Friday, November 30, 2012

A Novel Experience

Unbelievably, I delivered the goods, rising to the NaNoWriMo challenge of committing 50,000 words to paper in thirty days. How? If you’d told me on Halloween that I’d write a novel’s worth of prose before December, I’d have laughed in your face. But there’s something about specific goals and deadlines that brings out the scrapper in me. It was infuriating to struggle against the clock, short of inspiration, bereft of ideas, with no time to research. But it worked.

Now I’ll let you in on a little secret: It’s awful, most of it, so much so that I’m afraid to look. This exercise has made me question whether I could ever actually write a book. I had to beg, borrow, cheat and steal. I bumped off a few good characters. I pitted siblings against each other. I cried. I cursed. The horse disappeared and never came back. The rest of the people who invaded my brain for the last month, well, I could care less if I ever see them again. The weren’t cooperating, anyway. I hate them, every one.

There’s a reason I went into advertising — pithy headlines, I can churn those out all day. But a novel? Maybe there are some seeds of a story in the pile of pages I produced. I honestly don’t know. I ploughed through it, though, so I’ll allow myself the luxury of following Audrey Niffenegger’s advice: “Now that it is December, I hope you will kick back, have a cup of coffee, reread your 50,000 words, ponder a bit, and then… go for a walk.” That… that, I can do.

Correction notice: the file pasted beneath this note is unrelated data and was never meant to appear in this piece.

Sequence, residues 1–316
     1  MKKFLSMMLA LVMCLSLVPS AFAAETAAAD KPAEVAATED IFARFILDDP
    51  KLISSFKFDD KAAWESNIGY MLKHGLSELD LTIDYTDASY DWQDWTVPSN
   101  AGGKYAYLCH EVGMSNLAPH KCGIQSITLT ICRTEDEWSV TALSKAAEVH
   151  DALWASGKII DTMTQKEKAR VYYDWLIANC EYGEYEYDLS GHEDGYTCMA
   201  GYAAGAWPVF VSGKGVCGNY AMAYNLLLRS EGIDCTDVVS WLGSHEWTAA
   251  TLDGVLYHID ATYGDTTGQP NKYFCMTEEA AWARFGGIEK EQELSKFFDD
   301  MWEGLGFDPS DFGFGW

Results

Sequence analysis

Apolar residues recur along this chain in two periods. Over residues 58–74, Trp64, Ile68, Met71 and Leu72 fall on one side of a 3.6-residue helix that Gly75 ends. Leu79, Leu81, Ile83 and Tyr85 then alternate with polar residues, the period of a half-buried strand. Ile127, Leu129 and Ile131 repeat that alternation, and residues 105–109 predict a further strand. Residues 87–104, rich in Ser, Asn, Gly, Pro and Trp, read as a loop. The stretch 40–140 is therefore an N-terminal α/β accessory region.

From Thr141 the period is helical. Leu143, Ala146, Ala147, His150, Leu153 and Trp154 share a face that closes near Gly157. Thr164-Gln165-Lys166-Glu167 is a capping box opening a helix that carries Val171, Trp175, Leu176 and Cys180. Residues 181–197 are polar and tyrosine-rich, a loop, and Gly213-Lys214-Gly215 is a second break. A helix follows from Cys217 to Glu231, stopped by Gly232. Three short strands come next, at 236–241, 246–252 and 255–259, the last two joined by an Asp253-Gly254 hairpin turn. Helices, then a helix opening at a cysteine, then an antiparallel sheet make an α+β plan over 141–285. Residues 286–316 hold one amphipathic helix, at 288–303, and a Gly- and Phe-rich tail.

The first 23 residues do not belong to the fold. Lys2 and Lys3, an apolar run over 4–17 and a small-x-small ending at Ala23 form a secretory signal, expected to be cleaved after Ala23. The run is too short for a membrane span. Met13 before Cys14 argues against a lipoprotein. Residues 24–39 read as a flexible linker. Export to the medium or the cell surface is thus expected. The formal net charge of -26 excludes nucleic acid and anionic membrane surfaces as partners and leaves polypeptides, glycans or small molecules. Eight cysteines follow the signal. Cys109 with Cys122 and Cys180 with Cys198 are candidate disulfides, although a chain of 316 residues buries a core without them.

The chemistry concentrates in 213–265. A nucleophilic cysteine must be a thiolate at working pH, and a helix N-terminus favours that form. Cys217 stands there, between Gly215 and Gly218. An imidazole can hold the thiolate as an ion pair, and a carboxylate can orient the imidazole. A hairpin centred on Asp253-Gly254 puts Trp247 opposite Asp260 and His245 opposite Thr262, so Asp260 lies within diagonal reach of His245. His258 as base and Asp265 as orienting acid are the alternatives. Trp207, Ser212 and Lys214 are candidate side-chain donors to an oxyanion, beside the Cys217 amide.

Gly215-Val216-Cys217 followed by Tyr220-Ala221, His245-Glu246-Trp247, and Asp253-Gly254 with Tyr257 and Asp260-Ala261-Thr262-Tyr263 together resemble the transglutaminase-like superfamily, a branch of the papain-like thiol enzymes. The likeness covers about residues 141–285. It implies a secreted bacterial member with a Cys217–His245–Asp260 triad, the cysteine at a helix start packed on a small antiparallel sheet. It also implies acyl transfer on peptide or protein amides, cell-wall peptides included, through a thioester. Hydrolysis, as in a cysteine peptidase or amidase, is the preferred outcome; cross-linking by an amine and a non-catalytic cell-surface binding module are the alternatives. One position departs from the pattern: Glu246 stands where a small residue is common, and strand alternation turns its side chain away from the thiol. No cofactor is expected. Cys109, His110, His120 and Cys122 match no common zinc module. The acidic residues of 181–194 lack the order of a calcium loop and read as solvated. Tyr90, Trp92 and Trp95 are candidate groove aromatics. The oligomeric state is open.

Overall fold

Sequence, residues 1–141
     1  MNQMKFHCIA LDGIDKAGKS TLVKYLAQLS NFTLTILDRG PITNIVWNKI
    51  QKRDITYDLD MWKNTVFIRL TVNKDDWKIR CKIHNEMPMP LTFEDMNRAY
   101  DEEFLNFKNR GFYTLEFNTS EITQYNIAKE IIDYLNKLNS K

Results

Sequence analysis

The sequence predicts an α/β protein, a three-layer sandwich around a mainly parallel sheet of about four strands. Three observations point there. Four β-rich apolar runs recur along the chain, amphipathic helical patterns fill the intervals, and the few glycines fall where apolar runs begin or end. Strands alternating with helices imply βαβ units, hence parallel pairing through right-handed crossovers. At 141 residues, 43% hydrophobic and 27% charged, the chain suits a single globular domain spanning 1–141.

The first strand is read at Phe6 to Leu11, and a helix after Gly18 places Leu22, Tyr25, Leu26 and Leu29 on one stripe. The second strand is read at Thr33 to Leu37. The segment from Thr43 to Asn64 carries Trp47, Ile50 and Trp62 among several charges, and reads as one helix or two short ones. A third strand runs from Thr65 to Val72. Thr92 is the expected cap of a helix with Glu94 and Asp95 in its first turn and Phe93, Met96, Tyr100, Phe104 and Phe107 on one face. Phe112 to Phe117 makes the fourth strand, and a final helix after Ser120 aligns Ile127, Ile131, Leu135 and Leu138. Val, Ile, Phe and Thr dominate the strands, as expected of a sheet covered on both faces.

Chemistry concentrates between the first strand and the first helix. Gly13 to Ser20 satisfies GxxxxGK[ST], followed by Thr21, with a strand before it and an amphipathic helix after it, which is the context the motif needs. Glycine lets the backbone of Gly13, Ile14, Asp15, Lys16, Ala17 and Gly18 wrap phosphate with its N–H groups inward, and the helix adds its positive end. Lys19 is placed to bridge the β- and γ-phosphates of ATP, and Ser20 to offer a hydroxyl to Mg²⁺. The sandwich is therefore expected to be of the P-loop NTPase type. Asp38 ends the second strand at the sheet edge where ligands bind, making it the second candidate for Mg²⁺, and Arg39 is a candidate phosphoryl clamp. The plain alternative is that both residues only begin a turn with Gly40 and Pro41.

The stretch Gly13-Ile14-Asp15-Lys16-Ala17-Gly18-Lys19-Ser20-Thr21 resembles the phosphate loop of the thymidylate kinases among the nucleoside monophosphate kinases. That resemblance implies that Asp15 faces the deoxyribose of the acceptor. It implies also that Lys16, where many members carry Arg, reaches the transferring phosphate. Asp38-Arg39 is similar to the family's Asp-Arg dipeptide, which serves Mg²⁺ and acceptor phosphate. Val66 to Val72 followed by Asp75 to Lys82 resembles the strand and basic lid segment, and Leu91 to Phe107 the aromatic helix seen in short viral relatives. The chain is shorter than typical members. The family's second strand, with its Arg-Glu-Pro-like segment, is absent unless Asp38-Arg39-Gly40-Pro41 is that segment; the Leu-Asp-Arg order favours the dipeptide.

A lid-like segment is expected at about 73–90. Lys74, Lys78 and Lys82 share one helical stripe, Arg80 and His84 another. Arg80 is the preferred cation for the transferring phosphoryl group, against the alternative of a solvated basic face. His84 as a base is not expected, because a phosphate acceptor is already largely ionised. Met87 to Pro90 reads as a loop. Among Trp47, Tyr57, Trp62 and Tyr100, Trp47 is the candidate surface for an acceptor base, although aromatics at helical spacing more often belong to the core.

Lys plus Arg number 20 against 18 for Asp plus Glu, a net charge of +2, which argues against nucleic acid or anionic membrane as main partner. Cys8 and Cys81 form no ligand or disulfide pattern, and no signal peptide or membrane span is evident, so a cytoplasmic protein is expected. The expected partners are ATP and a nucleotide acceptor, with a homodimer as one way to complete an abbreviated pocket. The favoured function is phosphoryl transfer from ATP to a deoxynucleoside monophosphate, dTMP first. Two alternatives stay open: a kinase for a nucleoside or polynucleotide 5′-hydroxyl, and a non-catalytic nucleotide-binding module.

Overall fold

Thursday, November 1, 2012

The Emptiness of Days

1. a. Holding or containing nothing.
    b. Mathematics: Having no elements or members; null: an empty set.
2. Having no occupants or inhabitants; vacant: an empty chair; empty desert.
3. Lacking force or power: an empty threat.
4. Lacking purpose or substance; meaningless: an empty life.
5. Not put to use; idle: empty hours.
6. Needing nourishment; hungry: "More fierce and more inexorable far/Than empty tigers or the roaring sea" (Shakespeare).
7. Devoid; destitute: empty of pity.

How do you depict nothing? The last couple of months have felt irremediably hollow to me, the usual platitudes offered as camouflage for grief doing nothing to assuage the emptiness of my days. The invisible losses are the hardest to overcome: the losses that hide, cavernous, behind the chaos of the quotidian. The losses that can't be described or dispelled. I've ploughed through my allotment of sympathy, I know; I'm not looking for a handout, but I have to do something.

Empty places have borders, as far as I can tell, so perhaps it's safe to assume that if you linger long enough around the edges, tossing things in, the space will eventually fill up. Nothing else seems to be working, so I'll give words a go. It's  National Novel Writing Month, with a goal of 50,000 words in 30 days. That's certainly a challenge for me. Can I do it? I don't know yet; I've never tried. But at the very least, even if they aren't brimming with meaning, my days will be full.